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Photo by Tom Pablo, South America Semester.

The Devil’s Miner

Today, we had the honor of meeting Basilio Vargas, the man who starred in this documentary 14 years ago called La Mina del Diablo (The Devil’s Miner), which we watched last night.  La Mina del Diablo follows the life of 14-year-old Basilio as he worked in the silver mines with his 12-year-old brother, as well as the mining life in Potosí itself.  It is absolutely worth the watch, so check it out to get a feel of what we experienced today.

Yes, I say ‘experienced’.  Today, after watching the horrors of what Basilio and countless others endure on a daily basis, we followed him through one of the many silver mines found in Potosí, helmets with headlamps and all.  Upon the first mining shaft we crossed, Basilio demonstrated the depth by kicking a rock down it, which barely made any contact with the walls as it tumbled down the 90 meter void. As we traversed deeper into the mine, we heard the booming of dynamite further into the mine and saw all the white particles surrounding us completely, to which we hastily put our buffs over our noses and mouths.  We watched in amazement as a group of miners pulled a cauldron full of minerals up a pulley system in an elevator shaft, easily 50 meters deep.  We offered coca leaves and pure alcohol to the statue of the Tio, the devil who guards the mines and eats those who don’t offer enough to satiate him.  After about 30 minutes, we finally emerged into the sunlight, stunned that anyone, much less a child, could work like this for 12 or 24 hours at a time.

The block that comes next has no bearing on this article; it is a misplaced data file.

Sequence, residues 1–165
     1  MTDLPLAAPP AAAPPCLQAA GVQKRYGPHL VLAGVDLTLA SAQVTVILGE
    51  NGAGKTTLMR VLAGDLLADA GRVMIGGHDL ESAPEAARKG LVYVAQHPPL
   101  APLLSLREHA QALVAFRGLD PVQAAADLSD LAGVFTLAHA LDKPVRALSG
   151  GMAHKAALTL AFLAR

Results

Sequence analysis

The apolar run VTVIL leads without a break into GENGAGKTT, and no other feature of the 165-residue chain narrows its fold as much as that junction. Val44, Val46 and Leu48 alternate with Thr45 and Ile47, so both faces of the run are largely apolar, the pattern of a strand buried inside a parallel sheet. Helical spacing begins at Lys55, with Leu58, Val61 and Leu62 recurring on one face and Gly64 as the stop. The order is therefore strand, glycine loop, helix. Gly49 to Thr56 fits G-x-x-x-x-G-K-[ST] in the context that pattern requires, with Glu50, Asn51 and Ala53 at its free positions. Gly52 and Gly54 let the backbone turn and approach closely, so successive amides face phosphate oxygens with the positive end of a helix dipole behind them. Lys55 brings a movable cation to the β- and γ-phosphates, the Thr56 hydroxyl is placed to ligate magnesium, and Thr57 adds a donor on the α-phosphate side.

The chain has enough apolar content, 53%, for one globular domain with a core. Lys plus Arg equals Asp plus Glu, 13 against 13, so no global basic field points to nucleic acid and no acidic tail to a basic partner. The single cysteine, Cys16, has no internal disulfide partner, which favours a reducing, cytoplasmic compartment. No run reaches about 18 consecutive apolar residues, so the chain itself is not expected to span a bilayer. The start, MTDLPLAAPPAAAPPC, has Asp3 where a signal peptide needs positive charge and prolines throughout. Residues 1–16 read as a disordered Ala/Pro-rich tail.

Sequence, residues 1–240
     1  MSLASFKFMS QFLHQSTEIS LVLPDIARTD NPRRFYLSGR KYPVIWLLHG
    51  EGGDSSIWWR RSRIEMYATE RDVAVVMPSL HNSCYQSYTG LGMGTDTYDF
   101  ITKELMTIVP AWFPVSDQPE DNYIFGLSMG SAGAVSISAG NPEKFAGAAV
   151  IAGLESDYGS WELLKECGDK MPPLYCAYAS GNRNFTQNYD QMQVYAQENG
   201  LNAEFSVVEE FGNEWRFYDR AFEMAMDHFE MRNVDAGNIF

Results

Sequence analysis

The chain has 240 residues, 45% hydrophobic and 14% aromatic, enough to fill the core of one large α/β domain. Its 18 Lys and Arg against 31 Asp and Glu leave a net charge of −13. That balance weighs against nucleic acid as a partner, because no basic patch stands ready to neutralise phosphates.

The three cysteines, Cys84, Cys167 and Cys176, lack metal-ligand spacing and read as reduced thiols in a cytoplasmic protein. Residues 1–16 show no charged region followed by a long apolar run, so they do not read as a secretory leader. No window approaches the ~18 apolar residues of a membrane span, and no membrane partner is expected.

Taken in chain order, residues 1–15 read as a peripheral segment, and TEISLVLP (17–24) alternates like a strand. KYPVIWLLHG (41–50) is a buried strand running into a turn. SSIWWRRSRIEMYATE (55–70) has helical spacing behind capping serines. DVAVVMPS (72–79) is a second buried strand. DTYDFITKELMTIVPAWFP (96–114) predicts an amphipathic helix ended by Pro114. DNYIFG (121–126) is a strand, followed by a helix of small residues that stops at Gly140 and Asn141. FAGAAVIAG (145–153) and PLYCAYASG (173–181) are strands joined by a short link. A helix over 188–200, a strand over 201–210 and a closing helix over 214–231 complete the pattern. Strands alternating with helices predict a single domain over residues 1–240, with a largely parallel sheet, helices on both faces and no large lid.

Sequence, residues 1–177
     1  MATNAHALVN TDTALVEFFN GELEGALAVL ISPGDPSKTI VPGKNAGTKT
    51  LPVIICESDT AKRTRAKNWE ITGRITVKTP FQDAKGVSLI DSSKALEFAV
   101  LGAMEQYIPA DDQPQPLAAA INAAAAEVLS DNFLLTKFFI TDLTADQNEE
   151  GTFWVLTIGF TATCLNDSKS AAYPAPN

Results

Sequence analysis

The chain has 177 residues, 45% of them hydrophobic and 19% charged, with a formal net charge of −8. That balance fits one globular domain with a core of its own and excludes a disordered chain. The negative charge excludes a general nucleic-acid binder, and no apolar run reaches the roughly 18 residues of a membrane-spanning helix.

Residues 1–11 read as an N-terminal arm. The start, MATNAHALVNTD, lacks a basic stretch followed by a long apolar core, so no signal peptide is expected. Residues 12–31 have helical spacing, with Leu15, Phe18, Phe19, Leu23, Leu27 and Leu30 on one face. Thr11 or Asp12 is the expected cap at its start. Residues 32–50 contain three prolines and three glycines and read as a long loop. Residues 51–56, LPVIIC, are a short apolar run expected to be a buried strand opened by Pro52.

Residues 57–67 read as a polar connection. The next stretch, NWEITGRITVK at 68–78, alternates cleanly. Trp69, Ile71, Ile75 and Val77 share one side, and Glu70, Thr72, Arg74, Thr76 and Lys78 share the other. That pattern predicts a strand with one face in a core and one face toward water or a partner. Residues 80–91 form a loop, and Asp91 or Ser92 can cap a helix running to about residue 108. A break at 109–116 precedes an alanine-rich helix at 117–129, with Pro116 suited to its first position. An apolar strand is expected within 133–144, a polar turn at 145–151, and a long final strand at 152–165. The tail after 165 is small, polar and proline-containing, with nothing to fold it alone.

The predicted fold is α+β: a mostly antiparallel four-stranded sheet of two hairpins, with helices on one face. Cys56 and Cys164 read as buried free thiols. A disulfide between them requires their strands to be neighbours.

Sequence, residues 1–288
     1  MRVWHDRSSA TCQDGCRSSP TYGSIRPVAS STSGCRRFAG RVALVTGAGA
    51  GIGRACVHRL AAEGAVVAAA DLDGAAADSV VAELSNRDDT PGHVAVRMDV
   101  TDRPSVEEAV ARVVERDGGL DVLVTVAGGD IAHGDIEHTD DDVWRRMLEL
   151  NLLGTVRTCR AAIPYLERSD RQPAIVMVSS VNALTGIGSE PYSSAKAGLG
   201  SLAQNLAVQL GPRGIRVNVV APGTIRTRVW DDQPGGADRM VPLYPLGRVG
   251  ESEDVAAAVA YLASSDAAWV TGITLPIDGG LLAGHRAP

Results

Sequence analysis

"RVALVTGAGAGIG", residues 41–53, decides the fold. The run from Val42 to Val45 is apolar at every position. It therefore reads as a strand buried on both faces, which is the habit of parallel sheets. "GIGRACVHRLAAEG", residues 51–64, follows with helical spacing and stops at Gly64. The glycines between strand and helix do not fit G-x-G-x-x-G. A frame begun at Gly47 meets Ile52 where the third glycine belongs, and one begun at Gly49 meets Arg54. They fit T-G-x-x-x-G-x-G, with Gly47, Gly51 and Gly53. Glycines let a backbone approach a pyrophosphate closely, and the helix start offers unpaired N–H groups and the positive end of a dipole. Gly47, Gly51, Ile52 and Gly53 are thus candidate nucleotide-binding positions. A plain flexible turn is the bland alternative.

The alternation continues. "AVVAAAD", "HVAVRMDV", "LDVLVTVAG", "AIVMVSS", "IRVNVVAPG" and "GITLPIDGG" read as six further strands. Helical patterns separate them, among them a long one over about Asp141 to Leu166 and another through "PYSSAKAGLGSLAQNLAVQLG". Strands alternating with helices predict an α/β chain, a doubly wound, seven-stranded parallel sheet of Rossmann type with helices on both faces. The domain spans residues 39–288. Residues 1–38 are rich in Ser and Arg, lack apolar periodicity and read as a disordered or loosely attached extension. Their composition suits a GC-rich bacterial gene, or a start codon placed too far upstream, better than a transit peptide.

At the end of the day, we reflected upon what we had seen and learned these past two days.  Some of us began to question supporting the silver industry. Elly reminded us that Basilio has been working with Dragons for a long while, but was never forced to tell his story.  He chose to tell us not because he wanted us to feel shame, but because he wanted us to know.  It’s our choice what we want to do with it.